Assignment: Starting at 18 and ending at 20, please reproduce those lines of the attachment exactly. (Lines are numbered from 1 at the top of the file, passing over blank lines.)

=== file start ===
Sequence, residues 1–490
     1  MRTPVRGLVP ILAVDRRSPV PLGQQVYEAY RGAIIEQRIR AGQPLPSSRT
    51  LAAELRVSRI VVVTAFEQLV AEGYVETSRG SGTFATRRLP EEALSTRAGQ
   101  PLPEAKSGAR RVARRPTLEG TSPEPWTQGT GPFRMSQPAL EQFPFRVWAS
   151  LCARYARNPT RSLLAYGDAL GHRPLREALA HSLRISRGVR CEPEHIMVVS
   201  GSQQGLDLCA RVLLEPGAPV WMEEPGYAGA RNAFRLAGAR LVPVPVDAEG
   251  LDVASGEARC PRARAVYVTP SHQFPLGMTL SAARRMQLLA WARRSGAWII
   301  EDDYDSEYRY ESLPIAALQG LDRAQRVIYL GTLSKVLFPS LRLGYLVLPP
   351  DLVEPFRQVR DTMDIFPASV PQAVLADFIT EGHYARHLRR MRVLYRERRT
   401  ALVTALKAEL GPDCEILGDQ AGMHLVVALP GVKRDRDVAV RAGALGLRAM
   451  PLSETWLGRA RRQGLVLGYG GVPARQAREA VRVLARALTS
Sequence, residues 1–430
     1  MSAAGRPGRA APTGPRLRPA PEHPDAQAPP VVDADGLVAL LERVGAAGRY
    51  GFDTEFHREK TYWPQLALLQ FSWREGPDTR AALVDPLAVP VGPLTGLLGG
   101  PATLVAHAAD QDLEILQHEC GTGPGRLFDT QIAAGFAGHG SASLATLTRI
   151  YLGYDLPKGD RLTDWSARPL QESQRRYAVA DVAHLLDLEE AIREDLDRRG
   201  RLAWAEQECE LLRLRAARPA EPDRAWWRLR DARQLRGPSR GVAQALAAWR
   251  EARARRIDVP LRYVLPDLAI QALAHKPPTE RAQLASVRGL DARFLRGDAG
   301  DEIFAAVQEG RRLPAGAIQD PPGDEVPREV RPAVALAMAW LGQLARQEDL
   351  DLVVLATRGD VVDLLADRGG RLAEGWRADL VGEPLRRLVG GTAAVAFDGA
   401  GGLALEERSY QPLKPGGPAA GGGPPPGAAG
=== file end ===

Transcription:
   251  EARARRIDVP LRYVLPDLAI QALAHKPPTE RAQLASVRGL DARFLRGDAG
   301  DEIFAAVQEG RRLPAGAIQD PPGDEVPREV RPAVALAMAW LGQLARQEDL
   351  DLVVLATRGD VVDLLADRGG RLAEGWRADL VGEPLRRLVG GTAAVAFDGA